[10] When I say “non-Malaysian” I mean to point to those who do not have the kind of acculturation that permits a “Malaysian” reading (understanding) of the book.

[11] Airhihenbuwa, C. O. (1995). Health and culture: Beyond the Western paradigm: Sage.

[12] See Brody, E. B. (1965). The Universal Experience of Adolescence. The Journal of Nervous and Mental Disease, 140(3), 235-238; Kiell, N. (1964). The universal experience of adolescence: International Universities Press New York; Mead, M. The Universal Experience of Adolescence (from here).

[13] Heilbrun, C, & Stimpson, C. (1975). Theories of feministic criticism: a dialogue. In J. Donovan (ed.). Feminist literary criticism: explorations in theory (2nd ed.), pp. 61–73. Lexington, KY: University Press of Kentucky.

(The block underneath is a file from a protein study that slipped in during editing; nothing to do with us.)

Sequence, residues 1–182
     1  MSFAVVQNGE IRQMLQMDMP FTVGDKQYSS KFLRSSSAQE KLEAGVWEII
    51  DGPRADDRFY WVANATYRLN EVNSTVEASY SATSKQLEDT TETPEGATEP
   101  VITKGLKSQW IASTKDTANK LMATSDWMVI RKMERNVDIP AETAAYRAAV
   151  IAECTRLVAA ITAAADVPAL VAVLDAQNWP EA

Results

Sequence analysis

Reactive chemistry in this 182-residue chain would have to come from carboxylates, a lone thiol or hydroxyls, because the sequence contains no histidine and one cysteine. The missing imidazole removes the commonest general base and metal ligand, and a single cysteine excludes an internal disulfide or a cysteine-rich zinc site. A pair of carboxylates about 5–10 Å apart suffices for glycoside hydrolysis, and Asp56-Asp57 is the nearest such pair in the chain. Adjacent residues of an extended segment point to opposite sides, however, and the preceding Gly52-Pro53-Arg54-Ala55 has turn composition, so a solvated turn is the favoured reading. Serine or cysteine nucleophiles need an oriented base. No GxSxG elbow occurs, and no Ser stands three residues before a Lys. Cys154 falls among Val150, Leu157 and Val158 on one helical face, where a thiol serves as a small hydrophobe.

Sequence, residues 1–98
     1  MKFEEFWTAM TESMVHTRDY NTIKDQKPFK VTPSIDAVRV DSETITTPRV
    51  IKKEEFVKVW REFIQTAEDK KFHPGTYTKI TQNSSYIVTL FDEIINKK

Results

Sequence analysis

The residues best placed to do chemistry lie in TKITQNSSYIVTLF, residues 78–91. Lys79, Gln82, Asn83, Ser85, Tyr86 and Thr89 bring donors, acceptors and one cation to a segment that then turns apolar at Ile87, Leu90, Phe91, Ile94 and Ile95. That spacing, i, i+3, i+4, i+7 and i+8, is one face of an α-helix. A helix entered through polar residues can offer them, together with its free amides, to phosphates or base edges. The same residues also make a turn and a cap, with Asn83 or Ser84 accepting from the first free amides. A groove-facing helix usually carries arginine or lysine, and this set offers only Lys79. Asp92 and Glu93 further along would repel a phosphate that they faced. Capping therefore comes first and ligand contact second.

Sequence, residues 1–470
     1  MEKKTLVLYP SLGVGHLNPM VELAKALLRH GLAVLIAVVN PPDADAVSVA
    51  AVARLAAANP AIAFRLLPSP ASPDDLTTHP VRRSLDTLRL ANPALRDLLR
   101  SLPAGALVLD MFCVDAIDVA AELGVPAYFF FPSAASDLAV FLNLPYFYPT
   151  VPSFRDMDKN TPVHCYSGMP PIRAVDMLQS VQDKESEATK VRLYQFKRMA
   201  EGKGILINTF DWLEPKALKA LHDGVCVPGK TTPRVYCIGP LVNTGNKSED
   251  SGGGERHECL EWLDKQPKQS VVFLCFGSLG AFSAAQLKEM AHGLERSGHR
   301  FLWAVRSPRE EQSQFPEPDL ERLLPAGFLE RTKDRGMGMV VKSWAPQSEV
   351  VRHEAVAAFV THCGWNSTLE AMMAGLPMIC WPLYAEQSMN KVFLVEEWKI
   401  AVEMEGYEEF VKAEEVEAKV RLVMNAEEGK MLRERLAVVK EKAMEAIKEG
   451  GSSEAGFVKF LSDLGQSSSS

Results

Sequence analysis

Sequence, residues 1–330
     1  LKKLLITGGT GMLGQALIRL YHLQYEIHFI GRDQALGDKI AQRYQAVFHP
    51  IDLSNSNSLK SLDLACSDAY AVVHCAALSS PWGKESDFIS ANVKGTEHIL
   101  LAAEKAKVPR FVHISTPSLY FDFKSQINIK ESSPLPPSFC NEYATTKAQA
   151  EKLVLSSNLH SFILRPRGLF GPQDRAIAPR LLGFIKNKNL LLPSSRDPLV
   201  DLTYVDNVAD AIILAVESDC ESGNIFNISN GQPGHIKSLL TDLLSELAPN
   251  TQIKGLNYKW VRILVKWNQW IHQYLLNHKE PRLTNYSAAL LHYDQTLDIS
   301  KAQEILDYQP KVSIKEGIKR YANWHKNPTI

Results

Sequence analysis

[14] Spock, B. (1989). Circumcision—it’s not necessary. Redbook, 53. This seems a retraction of his earlier advocacy.

[15] Koso-Thomas, O. (1987). The circumcision of women: a strategy for eradication.

[16] Shell-Duncan, B., & Hernlund, Y. (2000). Female “circumcision” in Africa: Dimensions of the practice and debates. Female “circumcision” in Africa: Culture, controversy, and change, 1-40.

[17] Toubia, N. (1994). Female circumcision as a public health issue. New England Journal of Medicine, 331(11), 712-716

[18] Such critique would comprise a separate argument.